Remember, the holiday is only a few days away now. Chances are that the stores have already received (or have en route) a large amount of charcoal based on the forecast that was in force when outbound shipments were being committed to the stores.
So, we’re already within the week of the forecasted event and most (if not all) of the product has already been shipped to support a sales forecast that is way too high. Nothing can be done at this point to change that outcome.
So changing the forecast to reflect the expected downturn in sales is basically pointless, right?
When the entire supply chain is linked to the sales forecast at the store shelf, then the purpose of the forecast goes far beyond just replenishing the store.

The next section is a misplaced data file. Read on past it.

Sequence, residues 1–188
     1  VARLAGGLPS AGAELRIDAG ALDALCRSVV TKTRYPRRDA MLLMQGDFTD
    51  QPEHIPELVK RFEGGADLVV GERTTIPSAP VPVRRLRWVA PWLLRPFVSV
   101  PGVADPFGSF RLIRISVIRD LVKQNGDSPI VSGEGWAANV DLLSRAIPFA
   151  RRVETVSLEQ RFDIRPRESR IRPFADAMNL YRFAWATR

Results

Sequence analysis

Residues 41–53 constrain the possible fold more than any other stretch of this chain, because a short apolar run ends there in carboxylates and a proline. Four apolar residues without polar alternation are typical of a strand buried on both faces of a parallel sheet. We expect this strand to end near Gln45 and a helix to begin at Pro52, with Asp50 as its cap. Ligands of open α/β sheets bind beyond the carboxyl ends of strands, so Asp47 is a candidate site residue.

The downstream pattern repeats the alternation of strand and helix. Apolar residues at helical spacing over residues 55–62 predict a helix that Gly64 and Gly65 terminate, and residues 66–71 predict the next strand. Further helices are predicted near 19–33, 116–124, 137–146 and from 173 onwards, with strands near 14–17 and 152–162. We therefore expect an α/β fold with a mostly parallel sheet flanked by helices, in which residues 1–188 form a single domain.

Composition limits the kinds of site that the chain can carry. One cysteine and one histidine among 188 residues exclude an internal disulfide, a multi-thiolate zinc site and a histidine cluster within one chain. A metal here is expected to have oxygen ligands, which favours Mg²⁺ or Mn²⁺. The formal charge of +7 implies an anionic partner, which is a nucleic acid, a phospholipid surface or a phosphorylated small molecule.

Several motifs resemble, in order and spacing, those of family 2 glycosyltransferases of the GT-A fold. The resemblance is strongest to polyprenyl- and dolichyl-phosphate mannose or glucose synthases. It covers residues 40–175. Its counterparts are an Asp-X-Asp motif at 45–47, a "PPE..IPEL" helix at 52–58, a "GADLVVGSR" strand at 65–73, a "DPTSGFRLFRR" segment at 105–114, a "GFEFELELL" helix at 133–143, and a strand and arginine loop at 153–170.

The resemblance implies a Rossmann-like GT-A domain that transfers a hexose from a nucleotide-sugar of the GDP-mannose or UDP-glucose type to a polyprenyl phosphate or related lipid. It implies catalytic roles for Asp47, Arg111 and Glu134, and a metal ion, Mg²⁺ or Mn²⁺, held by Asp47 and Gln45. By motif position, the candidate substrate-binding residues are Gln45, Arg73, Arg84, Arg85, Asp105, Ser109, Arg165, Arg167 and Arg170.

The store sales forecast drives the store’s replenishment needs and the store replenishment needs drive the DC’s replenishment needs, and so on. All of this happens on a continuum that really has nothing to do with what’s already been committed and what hasn’t.
If your sales forecast for charcoal in the affected stores is 5,000 units over the next 5 days, but you know with a pretty high degree of certainty that you will only sell about 2,000 because of the weather, then why would you delay the process of realigning the entire supply chain to this new reality by several days just because you can’t affect the immediate outcome in the stores right now?
The point here is that while the supply chain is constrained, the sales forecast that drives it is not. It may not be possible for a forecast update to change orders that are already en route, but it is always possible to change the next planned order based on the new reality. In that way, you already have a plan in place that is starting to get you out of trouble before the impact of the problem has even fully materialized. In other words, bad news early is better than bad news late.